It’s midyear and time to really evaluate your students’ progress. What kind of growth have they made? What goals still need to be met? What about those state assessments that will be here before you know it? Here are some easy tips for increasing personalized instruction and maximizing your students’ growth:
- Set Goals: What better way to get your students on the right track than setting some goals? This is truly a lifelong lesson—setting goals helps students gain focus, give direction, and can be a big motivator. Guide students to see where they are now academically, and where they need to be by the spring. Have students take ownership and develop their own goals, but make sure the goals are realistic and not too lofty. For younger students, some goals could be learning all their sight words or math facts. For older students, perhaps they need to work on some writing goals or long division. Focus on two or three goals at a time, and once they are met, add two or three more!
- Student Conferences: The first tip lends itself to this step. It is important for students to be autonomous and make their own goals, yet it is imperative for you to guide them. Setting time aside to meet with each student individually and discuss goals will help them find success. Create a document of some kind (remember, Google is your friend—there is probably some type of template already out there!) so your students can write down their goals. Then, create a plan of action to determine how the goals will be met. Check in with students periodically to see how progress is going and offer encouragement. Once goals are met, celebrate! Then write some more—learning is ongoing and their goals should be, too.
- Give Choices: During work time, it is important to give your students choices. This can include flexible seating, partner work, or a makerspace. Giving choices creates independent workers and holds them accountable for their own goals. For example, if one student has a goal on writing, then during work time, he/she may choose to use technology to research writing topics or use the old-fashioned pen and paper to tackle that writing goal. If another student has a goal to learn sight words, have magnetic letters out so he/she can use them to spell the words, or use shaving cream to write those words and put them to memory. When conferencing students, they may have some interesting and unique ideas to help them to meet their goals. Listen and let them try—you may learn a thing or two that you can pass on to other students as well!
- Learning Apps: There are many apps out there that allow students to work at their own pace. Some of these apps will give students an initial assessment before they get to work. The apps advance students when they are ready, and many align with the Common Core standards, supplementing your curriculum. Istation and Zearn are two great examples of this. Talk to your PTA or district for funding. When students are on these apps, it would be a great time to hold your individual conferences!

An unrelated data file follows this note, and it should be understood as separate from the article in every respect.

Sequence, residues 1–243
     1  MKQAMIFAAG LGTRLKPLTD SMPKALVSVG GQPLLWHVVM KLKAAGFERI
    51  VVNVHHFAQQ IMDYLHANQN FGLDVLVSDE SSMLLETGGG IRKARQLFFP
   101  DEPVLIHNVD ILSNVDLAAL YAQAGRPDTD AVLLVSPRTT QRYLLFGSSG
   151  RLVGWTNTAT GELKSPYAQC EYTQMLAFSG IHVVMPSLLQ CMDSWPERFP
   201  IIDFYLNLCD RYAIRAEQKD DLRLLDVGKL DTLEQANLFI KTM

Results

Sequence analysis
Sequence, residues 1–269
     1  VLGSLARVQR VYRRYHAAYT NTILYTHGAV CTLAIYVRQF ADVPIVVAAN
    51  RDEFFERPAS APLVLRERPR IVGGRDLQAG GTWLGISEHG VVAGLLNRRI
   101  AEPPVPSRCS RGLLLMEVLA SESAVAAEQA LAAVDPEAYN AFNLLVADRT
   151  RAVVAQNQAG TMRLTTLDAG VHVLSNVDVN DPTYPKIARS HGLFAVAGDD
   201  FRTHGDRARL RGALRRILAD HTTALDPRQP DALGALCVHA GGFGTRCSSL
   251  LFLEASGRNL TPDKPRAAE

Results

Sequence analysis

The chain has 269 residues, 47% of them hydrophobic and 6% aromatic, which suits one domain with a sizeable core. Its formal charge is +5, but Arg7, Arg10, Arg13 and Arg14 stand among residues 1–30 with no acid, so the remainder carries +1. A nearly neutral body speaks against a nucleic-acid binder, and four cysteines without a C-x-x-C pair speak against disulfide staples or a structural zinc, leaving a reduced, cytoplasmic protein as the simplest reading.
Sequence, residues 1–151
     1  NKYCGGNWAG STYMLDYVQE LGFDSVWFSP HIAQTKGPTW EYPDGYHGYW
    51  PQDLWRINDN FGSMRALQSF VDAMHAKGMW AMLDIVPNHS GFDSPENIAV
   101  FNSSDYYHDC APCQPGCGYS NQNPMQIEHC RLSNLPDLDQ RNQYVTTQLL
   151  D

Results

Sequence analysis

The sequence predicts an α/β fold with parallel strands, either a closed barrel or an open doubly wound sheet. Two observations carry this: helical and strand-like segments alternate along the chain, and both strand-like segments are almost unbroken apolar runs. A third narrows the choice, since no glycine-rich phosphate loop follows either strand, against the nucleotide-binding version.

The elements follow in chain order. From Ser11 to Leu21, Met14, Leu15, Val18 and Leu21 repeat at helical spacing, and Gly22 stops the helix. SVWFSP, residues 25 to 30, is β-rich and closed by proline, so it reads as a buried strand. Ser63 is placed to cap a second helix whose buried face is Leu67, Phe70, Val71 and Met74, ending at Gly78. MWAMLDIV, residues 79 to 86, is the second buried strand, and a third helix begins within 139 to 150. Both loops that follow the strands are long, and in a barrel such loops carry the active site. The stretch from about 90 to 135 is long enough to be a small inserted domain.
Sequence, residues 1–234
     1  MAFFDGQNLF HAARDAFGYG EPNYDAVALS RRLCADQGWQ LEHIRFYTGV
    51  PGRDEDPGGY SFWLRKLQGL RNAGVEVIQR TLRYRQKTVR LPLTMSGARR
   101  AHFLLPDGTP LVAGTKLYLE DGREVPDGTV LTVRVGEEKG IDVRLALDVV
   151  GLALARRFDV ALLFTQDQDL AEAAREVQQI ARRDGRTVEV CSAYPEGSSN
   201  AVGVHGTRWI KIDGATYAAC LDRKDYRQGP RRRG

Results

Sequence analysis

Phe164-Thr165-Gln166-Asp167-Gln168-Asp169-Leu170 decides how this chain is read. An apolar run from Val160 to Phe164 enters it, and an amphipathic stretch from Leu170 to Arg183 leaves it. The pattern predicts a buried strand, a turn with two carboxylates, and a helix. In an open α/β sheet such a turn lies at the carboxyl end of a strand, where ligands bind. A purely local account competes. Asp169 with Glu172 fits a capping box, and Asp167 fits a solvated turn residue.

- Individual Work Bags/Tubs: This may take a little time initially, but it will pay off in the end. Give each student a bag or tub containing learning activities suited to their specific needs. For example, one student may have addition flashcards, sight words, an appropriately leveled book, comprehension questions, etc. and another student may have multiplication flashcards, higher level sight words, an appropriately leveled book, and specific writing topics from which to choose. During work time, students can use their individual materials to accomplish specific goals. This will also create independent workers and give students choices as they work, which will be motivating. Periodically, as you conference with students, pull out their work and review it with them—and make any necessary changes or additions.
- Independent Projects: Allow students to create and explore topics they want to learn about. By giving students this type of freedom, they will be more motivated and engaged in their learning. Initially, you may introduce a topic such as the moon or World War II. From this, students’ natural curiosity can lend itself to further discovery, such as space exploration or concentration camps. Students can research, write, build, create, and collaborate.
A one-sized curriculum will not meet the needs of each of your students. It can be hard to make the transition from a traditional setting to personalized learning—I am still in the process of doing this, and it’s hard to give up that control. Start small, collaborate with your coworkers, and don’t be afraid to make mistakes. Using these steps should help pave the way to successfully implementing personalized learning in your classroom!
How have you integrated personalized learning in your classroom? Let us know in the comments below! And for more insightful teaching tips, be sure to subscribe to the Educator blog today.